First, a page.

There are actually two different museums in the castle, which can be visited on separate tickets or on a combination ticket. The Museum für Kutschen Chaisen Karren or transportation museum located in the old Fruchtkasten. This museum documents the growth and development of means of transportation before the automobile. In 1987 it was honored by the Europäischen Museums Forum for excellent design and execution. The castle museum includes a theatre which shows movies about the history of Heidenheim, local ancient artifacts, religious art, antique toys and Alfred Meebold's Indian Collection.References:
The Church of the Savior on Spilled Blood is one of the main sights of St. Petersburg. The church was built on the site where Tsar Alexander II was assassinated and was dedicated in his memory. Construction began in 1883 under Alexander III, as a memorial to his father, Alexander II. Work progressed slowly and was finally completed during the reign of Nicholas II in 1907. Funding was provided by the Imperial family with the support of many private donors.
Architecturally, the Cathedral differs from St. Petersburg's other structures. The city's architecture is predominantly Baroque and Neoclassical, but the Savior on Blood harks back to medieval Russian architecture in the spirit of romantic nationalism. It intentionally resembles the 17th-century Yaroslavl churches and the celebrated St. Basil's Cathedral in Moscow.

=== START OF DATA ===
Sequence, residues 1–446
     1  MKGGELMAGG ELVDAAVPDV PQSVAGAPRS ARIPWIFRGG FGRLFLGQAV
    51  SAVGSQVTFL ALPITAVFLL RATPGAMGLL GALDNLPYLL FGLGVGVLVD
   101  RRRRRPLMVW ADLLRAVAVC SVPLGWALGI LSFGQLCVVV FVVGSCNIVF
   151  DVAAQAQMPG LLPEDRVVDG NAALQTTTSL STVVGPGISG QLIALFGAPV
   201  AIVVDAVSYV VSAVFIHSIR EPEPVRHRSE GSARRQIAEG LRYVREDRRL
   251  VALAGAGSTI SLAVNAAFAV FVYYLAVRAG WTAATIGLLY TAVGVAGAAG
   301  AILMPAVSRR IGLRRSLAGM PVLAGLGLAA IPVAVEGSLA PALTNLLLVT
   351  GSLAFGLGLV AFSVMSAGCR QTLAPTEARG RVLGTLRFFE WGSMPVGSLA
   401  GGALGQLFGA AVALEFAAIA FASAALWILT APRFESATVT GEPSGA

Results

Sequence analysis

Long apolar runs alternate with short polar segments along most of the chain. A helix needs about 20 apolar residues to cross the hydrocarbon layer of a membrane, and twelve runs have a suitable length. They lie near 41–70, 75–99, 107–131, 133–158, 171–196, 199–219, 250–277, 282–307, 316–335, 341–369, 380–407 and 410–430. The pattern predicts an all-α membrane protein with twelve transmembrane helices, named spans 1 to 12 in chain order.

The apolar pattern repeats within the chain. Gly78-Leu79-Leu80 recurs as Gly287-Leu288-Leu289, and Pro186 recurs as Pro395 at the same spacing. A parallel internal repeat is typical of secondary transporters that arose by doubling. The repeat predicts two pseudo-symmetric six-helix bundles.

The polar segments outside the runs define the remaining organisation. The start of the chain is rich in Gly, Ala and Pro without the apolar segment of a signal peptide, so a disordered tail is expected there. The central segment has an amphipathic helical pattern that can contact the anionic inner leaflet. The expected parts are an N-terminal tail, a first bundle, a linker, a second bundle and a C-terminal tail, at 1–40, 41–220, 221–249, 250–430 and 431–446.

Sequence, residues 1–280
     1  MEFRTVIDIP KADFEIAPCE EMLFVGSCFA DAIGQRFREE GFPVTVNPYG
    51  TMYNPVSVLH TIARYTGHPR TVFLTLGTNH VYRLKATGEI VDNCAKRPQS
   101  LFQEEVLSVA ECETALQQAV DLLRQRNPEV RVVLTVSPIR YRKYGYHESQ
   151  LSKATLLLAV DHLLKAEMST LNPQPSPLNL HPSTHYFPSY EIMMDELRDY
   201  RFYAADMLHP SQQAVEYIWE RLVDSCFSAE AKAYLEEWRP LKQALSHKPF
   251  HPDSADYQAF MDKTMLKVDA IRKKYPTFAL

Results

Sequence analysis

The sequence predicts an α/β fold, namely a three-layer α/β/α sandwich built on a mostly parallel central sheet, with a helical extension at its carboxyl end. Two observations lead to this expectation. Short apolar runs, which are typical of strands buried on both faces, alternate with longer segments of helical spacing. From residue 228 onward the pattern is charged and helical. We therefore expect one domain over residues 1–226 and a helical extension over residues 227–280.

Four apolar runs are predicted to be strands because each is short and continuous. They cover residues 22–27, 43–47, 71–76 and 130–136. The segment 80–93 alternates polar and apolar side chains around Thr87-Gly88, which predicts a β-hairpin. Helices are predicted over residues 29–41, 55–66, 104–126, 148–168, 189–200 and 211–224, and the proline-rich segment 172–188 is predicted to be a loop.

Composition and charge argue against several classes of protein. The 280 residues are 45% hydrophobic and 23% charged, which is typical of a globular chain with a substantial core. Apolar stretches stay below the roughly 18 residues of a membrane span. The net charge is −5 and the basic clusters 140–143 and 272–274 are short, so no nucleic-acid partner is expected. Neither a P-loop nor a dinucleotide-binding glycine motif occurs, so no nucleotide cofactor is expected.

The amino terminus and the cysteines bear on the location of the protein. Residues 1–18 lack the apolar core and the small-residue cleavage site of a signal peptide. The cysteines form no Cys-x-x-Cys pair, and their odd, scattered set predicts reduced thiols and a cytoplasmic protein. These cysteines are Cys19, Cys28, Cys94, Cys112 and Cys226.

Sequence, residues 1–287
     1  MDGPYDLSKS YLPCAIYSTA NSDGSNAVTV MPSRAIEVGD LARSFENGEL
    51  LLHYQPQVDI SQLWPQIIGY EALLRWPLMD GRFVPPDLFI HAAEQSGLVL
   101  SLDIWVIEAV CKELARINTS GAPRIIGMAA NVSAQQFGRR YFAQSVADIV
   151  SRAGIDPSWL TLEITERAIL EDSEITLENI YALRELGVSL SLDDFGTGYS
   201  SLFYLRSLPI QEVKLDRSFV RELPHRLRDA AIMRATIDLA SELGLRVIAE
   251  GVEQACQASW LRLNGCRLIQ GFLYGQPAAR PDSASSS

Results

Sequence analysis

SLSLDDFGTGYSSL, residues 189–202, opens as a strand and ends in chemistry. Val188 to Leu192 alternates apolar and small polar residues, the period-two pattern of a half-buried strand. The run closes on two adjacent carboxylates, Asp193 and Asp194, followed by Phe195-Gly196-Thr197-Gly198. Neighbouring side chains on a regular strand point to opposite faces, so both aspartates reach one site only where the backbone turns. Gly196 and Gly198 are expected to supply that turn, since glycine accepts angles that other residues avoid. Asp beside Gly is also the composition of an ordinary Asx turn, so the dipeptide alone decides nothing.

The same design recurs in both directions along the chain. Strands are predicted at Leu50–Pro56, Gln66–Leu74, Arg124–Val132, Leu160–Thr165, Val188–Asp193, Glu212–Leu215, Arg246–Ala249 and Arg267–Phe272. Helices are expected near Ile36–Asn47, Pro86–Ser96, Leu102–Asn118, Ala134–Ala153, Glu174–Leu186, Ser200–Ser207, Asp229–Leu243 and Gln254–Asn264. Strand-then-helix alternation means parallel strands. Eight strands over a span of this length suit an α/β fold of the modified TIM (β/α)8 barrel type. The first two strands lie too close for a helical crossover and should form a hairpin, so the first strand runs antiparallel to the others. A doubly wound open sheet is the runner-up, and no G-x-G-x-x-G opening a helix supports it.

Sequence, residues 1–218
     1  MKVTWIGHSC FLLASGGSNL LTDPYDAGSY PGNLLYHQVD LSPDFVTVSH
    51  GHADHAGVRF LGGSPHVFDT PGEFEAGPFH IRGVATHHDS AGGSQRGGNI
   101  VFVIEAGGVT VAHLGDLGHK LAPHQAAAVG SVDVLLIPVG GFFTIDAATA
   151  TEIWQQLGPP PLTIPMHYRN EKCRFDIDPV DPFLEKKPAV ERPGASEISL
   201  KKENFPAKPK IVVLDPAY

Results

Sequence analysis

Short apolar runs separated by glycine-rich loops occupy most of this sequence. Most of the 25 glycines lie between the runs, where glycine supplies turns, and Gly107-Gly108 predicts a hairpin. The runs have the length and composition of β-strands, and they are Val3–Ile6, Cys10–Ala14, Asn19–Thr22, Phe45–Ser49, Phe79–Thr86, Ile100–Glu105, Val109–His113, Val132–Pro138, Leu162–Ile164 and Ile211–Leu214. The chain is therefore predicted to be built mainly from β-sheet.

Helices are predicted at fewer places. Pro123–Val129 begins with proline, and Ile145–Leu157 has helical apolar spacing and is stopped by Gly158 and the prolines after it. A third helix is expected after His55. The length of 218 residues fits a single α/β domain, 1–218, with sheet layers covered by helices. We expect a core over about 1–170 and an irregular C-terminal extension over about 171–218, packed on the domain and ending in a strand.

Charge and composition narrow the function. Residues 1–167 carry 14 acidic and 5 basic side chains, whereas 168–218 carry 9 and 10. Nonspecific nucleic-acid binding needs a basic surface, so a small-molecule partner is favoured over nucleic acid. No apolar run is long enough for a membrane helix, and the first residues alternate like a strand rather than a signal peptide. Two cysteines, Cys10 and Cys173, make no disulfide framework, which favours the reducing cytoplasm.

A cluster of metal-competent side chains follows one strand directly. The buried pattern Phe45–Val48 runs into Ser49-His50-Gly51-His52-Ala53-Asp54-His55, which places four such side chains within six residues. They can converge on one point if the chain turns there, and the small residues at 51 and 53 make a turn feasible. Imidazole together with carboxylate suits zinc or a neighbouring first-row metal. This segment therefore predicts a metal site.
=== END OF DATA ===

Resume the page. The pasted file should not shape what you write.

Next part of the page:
The Church contains over 7500 square metres of mosaics — according to its restorers, more than any other church in the world. The interior was designed by some of the most celebrated Russian artists of the day — including Viktor Vasnetsov, Mikhail Nesterov and Mikhail Vrubel — but the church's chief architect, Alfred Alexandrovich Parland, was relatively little-known (born in St. Petersburg in 1842 in a Baltic-German Lutheran family). Perhaps not surprisingly, the Church's construction ran well over budget, having been estimated at 3.6 million roubles but ending up costing over 4.6 million. The walls and ceilings inside the Church are completely covered in intricately detailed mosaics — the main pictures being biblical scenes or figures — but with very fine patterned borders setting off each picture.
In the aftermath of the Russian Revolution, the church was ransacked and looted, badly damaging its interior. The Soviet government closed the church in the early 1930s. During the Second World War when many people were starving due to the Siege of Leningrad by Nazi German military forces, the church was used as a temporary morgue for those who died in combat and from starvation and illness. The church suffered significant damage. After the war, it was used as a warehouse for vegetables, leading to the sardonic name of Saviour on Potatoes.
In July 1970, management of the Church passed to Saint Isaac's Cathedral (then used as a highly profitable museum) and proceeds from the Cathedral were funneled back into restoring the Church. It was reopened in August 1997, after 27 years of restoration, but has not been reconsecrated and does not function as a full-time place of worship; it is a Museum of Mosaics. Even before the Revolution it never functioned as a public place of worship; having been dedicated exclusively to the memory of the assassinated tsar, the only services were panikhidas (memorial services). The Church is now one of the main tourist attractions in St. Petersburg.